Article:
That’s no exaggeration. As NRA Executive Vice President Wayne LaPierre put it, “Judge Garland’s actions on the federal bench cut to the very heart of the Second Amendment as an individual right.” U.S. Sen. Charles Schumer, for example, calls Garland “almost the ideal candidate.”
How? First of all, as you know, the Supreme Court’s landmark Heller decision, which ended the Washington, D.C., gun ban by confirming that you have an individual right to own a handgun to defend yourself in your home, was a 5-to-4 split decision.
Justice Scalia voted in the majority and wrote the majority opinion. Now, with the loss of Justice Scalia, the court is deadlocked 4-to-4.
How Judge Garland Voted Against Your Individual Rights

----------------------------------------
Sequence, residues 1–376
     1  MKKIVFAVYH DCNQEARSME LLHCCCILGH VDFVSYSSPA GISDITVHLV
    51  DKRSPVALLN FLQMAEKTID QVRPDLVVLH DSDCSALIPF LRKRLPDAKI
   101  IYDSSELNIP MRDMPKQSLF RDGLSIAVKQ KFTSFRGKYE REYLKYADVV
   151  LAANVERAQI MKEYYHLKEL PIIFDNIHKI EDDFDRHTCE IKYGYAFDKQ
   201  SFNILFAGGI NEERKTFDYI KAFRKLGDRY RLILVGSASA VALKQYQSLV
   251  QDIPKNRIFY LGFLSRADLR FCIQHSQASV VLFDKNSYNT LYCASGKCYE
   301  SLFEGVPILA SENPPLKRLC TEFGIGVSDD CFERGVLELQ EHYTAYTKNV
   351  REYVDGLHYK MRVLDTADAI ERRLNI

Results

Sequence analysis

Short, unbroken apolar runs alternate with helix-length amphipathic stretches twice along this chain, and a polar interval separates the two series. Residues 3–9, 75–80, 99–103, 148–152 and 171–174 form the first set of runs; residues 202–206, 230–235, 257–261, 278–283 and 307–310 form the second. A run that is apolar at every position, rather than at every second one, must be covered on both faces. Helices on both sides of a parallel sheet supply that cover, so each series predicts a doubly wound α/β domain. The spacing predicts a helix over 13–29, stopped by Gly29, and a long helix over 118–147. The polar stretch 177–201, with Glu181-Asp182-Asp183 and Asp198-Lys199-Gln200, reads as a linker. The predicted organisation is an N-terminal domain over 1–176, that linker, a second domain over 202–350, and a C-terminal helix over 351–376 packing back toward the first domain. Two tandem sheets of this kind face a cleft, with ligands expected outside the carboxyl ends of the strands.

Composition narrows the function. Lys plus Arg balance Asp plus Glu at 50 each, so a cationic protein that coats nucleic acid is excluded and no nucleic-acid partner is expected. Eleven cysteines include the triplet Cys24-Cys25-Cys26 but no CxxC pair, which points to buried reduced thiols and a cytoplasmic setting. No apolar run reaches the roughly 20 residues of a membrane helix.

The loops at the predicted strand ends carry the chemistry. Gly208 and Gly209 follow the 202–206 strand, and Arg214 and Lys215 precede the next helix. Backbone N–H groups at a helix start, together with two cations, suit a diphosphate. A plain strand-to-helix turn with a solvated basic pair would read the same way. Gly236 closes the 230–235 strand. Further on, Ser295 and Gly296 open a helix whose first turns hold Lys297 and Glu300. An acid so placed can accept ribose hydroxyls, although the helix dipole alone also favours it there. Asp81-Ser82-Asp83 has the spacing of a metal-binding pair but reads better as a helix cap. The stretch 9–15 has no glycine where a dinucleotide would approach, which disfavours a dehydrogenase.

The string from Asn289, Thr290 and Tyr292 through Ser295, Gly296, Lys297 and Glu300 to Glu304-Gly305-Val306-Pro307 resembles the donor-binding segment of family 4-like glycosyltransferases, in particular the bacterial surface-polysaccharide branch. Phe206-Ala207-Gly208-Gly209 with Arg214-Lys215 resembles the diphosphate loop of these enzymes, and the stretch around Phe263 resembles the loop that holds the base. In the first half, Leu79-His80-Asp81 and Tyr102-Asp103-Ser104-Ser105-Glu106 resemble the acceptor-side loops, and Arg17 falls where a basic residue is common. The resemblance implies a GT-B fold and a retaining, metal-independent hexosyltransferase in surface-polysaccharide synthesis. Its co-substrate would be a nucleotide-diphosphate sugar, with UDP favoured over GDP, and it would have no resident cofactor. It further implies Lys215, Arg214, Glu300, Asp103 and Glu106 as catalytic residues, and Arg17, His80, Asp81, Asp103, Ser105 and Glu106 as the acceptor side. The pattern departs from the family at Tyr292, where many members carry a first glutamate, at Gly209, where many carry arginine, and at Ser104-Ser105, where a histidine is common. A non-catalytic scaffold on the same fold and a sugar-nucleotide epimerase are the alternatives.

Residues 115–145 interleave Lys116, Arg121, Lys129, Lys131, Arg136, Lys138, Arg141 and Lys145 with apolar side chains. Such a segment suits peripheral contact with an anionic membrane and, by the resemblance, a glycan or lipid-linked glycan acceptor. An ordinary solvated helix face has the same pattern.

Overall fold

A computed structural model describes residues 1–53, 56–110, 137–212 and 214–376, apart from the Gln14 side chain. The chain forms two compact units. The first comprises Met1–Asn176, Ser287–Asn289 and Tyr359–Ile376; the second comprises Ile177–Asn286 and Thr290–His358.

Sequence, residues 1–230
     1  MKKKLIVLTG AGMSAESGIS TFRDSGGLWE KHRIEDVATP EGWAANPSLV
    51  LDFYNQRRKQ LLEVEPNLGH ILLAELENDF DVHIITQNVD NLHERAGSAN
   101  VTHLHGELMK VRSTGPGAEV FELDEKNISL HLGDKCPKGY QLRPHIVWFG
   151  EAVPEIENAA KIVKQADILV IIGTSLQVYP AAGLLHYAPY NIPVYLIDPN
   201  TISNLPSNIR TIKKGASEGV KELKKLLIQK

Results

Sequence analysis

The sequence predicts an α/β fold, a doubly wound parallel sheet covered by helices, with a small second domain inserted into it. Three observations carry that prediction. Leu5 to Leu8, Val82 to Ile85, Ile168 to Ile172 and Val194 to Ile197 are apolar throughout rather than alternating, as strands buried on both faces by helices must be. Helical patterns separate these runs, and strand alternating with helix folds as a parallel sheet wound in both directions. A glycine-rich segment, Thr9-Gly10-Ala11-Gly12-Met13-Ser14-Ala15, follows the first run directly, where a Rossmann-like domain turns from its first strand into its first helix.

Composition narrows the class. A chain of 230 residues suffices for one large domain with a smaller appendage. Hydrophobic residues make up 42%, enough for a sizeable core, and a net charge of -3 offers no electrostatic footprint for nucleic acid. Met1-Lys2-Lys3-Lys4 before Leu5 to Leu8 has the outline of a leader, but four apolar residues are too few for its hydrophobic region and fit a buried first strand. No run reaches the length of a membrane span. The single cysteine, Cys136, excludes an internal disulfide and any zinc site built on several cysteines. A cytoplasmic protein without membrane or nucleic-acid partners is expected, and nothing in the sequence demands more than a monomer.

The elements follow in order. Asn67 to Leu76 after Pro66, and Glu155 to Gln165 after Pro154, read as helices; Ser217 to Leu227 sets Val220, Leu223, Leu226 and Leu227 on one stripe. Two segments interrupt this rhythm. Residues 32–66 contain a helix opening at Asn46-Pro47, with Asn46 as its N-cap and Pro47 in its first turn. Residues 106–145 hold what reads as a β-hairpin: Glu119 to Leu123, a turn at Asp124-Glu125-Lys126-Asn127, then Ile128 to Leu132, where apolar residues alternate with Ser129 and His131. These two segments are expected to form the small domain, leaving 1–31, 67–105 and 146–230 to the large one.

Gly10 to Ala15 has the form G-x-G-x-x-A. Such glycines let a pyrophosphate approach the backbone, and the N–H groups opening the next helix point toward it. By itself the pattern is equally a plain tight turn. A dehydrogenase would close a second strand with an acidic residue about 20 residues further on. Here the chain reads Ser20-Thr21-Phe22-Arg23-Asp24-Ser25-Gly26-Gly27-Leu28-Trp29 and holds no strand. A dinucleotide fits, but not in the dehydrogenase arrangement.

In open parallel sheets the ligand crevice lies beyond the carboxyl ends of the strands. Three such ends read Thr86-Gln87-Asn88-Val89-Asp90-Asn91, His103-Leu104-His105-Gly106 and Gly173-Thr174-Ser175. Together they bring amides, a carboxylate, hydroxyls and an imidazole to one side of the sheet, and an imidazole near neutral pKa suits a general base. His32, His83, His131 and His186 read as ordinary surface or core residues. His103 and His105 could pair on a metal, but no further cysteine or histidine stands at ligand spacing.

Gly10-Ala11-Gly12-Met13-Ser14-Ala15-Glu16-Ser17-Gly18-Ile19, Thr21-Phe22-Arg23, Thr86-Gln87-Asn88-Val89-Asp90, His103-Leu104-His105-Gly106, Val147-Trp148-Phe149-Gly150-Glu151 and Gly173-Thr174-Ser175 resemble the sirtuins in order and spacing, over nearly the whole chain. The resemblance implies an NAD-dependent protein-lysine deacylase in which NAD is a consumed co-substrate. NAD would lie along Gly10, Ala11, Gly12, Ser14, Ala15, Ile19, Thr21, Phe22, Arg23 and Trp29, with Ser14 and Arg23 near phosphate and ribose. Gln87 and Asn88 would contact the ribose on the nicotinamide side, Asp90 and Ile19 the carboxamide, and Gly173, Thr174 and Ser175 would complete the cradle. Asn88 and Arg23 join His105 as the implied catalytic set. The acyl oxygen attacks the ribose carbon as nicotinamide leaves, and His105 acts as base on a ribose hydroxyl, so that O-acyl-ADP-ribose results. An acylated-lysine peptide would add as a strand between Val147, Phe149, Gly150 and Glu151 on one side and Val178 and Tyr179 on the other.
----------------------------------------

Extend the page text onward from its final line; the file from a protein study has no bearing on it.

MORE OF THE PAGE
So where does Obama’s nominee, Judge Garland, stand on that crucial case? How would he cast the tie-breaking vote if he replaced Justice Scalia?
It’s easy enough to see. Because Garland did vote—twice—as a member of the D.C. Circuit Court of Appeals on that very issue as it moved through the courts.
First, in 2005, when plaintiffs sued to lift the D.C. gun ban, a three-judge panel on the D.C. Circuit held in Seegars v. Gonzales that the plaintiffs lacked standing. In other words, they ruled that the lawsuit could not proceed, leaving the D.C. gun ban in force.
When those plaintiffs asked the D.C. Circuit to reconsider the case en banc—in other words, for the entire court, rather than just a three-judge panel, to decide—Judge Garland voted against rehearing the case. In effect, his vote was to let the D.C. gun ban stand, thereby rejecting the plaintiffs’ argument that the Second Amendment protects an individual right to keep and bear arms.